Ben (Evaston) - 12:45 PM:
We are going to get started in about 15 minutes. Feel free to submit your questions no, so we have them ready for our expert.
Ben (Evaston) - 1:00 PM:
Welcome to the Bariatric Surgery chat. The chat is now open and you can submit your questions anytime.
Karen (Vernon hills Illinois) - 1:05 PM:
I'm considering doing the surgery. What's the best way to start?
Hi. This is Liz Farwell. I am the Bariatric Coordinator at NorthShore and the APN for Bariatric Surgery. I am happy to be answering questions about bariatric surgery at NorthShore.
Hi Karen. the best way to get started is to attend one of our Free Bariatric Surgery Information Sessions. We hold these the 3rd Tuesday of every month at 6:00 pm at 501 Skokie Blvd, Northbrook. First floor. Or you can call 847-570-1700 and schedule an appointment with one of our 4 Bariatric Surgeons. At the initial appointment, you will meet with the surgeon and one of our bariatric nurses who will discuss the process in detail with you.
Betsy (Wilmette, IL) - 1:10 PM:
How long are people typically off work after the surgery? How soon do people get back to their normal routine?
We encourage you to take 2 weeks off of work. We want you up walking every 2 hours that you are awake. You may not have your usual energy, for about the first 4 - 6 weeks after surgery, but you can live your normal life. You will have a 20-pound lifting restriction for the first 2 weeks. otherwise, there are no restrictions.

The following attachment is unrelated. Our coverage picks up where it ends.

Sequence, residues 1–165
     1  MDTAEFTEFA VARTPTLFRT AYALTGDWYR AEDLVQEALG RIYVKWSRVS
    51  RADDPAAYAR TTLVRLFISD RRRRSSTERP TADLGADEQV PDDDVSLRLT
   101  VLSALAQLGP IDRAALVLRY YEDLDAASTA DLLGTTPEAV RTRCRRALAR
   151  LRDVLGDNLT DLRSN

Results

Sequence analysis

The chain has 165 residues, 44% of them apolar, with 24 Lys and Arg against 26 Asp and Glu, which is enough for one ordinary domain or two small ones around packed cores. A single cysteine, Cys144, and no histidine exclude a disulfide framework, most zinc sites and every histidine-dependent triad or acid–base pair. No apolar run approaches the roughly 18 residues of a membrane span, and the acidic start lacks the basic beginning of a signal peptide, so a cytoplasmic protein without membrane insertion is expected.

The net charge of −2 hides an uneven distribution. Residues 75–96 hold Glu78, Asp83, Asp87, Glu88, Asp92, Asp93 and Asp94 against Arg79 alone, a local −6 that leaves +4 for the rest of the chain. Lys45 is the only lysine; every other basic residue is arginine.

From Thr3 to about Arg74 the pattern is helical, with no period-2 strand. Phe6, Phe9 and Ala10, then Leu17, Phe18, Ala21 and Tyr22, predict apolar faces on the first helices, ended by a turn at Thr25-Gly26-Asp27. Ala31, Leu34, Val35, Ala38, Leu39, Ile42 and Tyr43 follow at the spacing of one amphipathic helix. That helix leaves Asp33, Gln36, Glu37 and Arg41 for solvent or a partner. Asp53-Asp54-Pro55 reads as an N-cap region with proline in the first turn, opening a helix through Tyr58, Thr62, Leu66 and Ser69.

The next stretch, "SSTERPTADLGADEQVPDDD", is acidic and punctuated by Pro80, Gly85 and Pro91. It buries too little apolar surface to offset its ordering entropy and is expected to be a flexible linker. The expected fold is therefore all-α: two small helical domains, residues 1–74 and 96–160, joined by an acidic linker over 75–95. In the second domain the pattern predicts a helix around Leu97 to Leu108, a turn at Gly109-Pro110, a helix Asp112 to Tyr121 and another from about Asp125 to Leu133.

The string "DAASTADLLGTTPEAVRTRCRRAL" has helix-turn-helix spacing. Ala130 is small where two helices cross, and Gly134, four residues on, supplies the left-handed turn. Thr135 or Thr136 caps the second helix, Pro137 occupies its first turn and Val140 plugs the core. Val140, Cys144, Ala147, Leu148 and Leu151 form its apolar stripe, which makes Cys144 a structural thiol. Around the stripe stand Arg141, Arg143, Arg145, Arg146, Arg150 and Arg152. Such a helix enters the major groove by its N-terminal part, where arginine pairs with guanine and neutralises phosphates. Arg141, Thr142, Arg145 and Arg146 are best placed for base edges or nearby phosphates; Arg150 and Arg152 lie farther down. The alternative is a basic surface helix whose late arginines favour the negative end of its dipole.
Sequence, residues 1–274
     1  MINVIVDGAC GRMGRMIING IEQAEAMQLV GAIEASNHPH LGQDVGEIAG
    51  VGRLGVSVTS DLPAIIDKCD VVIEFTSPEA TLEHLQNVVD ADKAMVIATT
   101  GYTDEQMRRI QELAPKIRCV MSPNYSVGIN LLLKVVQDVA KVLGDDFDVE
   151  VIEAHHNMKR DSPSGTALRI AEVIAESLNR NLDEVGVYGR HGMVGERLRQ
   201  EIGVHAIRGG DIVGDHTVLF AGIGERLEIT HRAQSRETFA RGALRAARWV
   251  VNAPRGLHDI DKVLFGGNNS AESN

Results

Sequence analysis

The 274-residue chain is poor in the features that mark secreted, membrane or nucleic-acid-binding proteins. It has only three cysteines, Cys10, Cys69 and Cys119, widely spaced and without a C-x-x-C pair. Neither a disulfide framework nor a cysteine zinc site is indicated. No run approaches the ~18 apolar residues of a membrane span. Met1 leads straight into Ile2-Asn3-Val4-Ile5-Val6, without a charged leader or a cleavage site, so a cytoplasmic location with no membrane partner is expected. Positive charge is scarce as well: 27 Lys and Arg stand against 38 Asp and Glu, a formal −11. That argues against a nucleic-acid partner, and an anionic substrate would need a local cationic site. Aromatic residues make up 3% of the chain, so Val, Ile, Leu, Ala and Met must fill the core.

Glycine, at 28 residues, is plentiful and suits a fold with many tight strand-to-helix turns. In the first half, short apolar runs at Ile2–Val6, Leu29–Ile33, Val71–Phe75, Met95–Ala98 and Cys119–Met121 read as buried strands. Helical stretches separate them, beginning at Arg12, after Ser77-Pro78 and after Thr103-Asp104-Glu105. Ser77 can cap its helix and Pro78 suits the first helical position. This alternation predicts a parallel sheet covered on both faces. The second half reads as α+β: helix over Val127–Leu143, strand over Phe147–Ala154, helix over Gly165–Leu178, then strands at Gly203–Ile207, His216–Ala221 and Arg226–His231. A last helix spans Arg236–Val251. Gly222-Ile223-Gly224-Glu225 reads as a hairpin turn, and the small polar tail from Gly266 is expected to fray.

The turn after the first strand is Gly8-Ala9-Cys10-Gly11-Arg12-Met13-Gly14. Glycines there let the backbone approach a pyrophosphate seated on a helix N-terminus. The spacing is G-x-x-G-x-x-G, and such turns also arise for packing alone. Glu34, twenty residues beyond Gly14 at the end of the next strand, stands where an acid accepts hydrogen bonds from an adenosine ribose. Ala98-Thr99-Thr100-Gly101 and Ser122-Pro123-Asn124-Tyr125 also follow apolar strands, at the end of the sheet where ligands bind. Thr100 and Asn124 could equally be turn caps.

Felix (Vernon Hills, IL) - 1:14 PM:
What's the price for the balloon procedure?
The gastric balloon is not currently covered by insurance. So it is a pay-out-of-pocket procedure. It is currently $8000. which includes the insertion and removal of the gastric balloon, as it needs to removed in 6 months.
Stephanie (Rogers Park) - 1:16 PM:
I am thinking about seeing if I'm a candidate for bariatric surgery, but I'm unsure if I am going to be able to adjust to a new eating lifestyle afterward. My question is, is it reversible if it doesn't work out? Thanks!